What’s What- Community Board 14

 What’s What- Community Board 14

By Dan Guarino

Rockaway has many community groups, elected officials, civic associations, city, state and federal departments and agencies, charitable/service organizations and more. Many may have heard of them. But how many know what exactly they do, what issues and areas they deal with and which they don’t, and where/how they can directly help Rockaway and Broad Channel residents?

What’s What, an occasional feature, aims to focus on our many organizations and offices, what they do and how they can help you.

As established by the City Charter, NYC has 59 community boards spread across the five boroughs, each with up to 50 volunteer board members. In our area, Community Board 14 Queens covers all of the Rockaway peninsula and Broad Channel. Appointed by the Queens Borough President for a two-year term, each Board Member represents the communities they live in. Rockaway Beach resident Dolores Orr is CB 14’s long-serving chairperson.

Open to the public, Board meetings are held the second Tuesday of almost every month, at the Knights of Columbus Hall on Beach 90th St. Before the meeting begins, people can also sign up for public speaking to share ideas, concerns, etc.

Besides discussing current issues and follow ups, the Board has elected officials, 100th and 101st Precinct officers and city agency representatives address projects, problems, resolutions, and updates in their areas.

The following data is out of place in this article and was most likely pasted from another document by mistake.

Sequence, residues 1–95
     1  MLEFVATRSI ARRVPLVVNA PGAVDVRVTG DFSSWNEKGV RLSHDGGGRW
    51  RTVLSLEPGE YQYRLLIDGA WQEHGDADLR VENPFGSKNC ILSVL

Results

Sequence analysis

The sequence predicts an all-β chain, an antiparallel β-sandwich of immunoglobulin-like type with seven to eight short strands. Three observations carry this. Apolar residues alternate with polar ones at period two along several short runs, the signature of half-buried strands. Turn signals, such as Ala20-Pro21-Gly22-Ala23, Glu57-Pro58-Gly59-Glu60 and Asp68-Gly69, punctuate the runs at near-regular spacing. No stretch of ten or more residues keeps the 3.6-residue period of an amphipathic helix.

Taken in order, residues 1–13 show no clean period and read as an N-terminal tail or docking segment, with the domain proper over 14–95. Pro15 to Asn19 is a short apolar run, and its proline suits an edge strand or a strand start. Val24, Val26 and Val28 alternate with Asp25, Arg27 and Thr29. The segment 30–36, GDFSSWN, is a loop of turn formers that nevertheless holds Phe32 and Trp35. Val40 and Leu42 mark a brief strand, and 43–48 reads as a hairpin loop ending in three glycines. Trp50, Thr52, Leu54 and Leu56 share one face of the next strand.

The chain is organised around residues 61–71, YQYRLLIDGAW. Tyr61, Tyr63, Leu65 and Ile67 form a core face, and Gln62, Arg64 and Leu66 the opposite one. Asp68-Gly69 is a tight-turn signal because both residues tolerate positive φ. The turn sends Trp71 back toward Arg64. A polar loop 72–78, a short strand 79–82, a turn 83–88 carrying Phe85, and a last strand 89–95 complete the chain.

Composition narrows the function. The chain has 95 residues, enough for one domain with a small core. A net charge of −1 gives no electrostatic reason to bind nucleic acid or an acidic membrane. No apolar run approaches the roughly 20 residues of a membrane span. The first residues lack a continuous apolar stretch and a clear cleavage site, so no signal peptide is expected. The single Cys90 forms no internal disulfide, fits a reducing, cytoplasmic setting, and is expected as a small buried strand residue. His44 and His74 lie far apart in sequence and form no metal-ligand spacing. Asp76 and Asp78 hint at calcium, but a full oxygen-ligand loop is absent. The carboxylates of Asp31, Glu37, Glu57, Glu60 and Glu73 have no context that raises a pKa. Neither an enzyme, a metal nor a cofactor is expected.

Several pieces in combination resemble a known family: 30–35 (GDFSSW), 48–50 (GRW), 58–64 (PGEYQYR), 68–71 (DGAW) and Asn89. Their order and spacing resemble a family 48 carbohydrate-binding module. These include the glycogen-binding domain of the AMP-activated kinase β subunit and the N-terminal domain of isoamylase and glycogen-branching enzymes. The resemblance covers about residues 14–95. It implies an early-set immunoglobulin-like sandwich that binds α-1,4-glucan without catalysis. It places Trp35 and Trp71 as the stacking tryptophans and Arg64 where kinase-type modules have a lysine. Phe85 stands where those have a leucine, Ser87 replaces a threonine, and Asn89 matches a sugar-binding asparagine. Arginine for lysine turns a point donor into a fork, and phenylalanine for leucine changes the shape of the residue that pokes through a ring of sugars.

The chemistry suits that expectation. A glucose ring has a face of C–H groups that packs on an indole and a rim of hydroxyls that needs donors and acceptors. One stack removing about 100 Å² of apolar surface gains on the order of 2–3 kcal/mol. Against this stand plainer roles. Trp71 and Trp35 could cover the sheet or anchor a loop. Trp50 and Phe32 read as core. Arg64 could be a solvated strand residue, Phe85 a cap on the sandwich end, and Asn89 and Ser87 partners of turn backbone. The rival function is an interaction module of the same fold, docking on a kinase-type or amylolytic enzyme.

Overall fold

The Board also weighs in and takes up issues important to residents like new building developments, housing, beach closures, proposed MTA plans, JFK flight path noise, flooding, infrastructure, crime and safety issues and more.

Their actions and recommendations, including approval or disapproval of proposals, and inquiries and follow up with appropriate agencies, will then be taken up from there.

Residents can also sit in on the Board’s specialized committees which focus on particular areas and issues. These include Economic Development, Environmental Health/Social Services, Housing/Land Use, Parks/Public Safety, Transportation, Youth Services/Education and others, which report their findings, discussions and recommendations back to the Board at large.

“Community boards are bound by the NYC Charter, and interface and interact with all the city agencies that help a community to run,” notes Queens CB 14 District Manager Felicia Johnson. “The board attempts to bring together diverse organizations, people and groups to look at local issues and find a way of improving them. The community boards represent the voice of the local people.”

Unanimously hired by the Board, Johnson says “I assumed the position of District Manager for CB 14Q on March 4,” succeeding retiring Jonathan Gaska who served for 34 years. A Rockaway resident herself, Johnson says, “Since starting, I have been from Bayswater to Broad Channel to Breezy Point” to personally expand her office’s outreach to all the communities within the district.